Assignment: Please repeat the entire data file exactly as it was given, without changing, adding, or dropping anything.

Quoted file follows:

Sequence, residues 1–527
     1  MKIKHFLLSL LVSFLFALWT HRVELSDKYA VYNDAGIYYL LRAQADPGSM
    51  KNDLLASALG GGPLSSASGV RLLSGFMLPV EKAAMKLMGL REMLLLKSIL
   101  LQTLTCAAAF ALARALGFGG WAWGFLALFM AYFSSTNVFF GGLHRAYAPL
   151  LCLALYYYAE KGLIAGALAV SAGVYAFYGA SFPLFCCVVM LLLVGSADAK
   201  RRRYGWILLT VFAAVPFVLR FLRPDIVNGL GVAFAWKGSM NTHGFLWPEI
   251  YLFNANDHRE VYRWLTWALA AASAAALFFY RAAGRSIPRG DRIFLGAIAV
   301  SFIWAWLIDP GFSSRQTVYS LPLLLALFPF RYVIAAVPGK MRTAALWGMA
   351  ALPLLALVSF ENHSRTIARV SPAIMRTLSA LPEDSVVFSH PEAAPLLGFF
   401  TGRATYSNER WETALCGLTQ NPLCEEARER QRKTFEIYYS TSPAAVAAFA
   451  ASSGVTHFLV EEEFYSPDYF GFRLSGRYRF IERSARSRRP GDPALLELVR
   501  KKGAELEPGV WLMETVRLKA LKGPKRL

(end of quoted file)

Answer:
Sequence, residues 1–527
     1  MKIKHFLLSL LVSFLFALWT HRVELSDKYA VYNDAGIYYL LRAQADPGSM
    51  KNDLLASALG GGPLSSASGV RLLSGFMLPV EKAAMKLMGL REMLLLKSIL
   101  LQTLTCAAAF ALARALGFGG WAWGFLALFM AYFSSTNVFF GGLHRAYAPL
   151  LCLALYYYAE KGLIAGALAV SAGVYAFYGA SFPLFCCVVM LLLVGSADAK
   201  RRRYGWILLT VFAAVPFVLR FLRPDIVNGL GVAFAWKGSM NTHGFLWPEI
   251  YLFNANDHRE VYRWLTWALA AASAAALFFY RAAGRSIPRG DRIFLGAIAV
   301  SFIWAWLIDP GFSSRQTVYS LPLLLALFPF RYVIAAVPGK MRTAALWGMA
   351  ALPLLALVSF ENHSRTIARV SPAIMRTLSA LPEDSVVFSH PEAAPLLGFF
   401  TGRATYSNER WETALCGLTQ NPLCEEARER QRKTFEIYYS TSPAAVAAFA
   451  ASSGVTHFLV EEEFYSPDYF GFRLSGRYRF IERSARSRRP GDPALLELVR
   501  KKGAELEPGV WLMETVRLKA LKGPKRL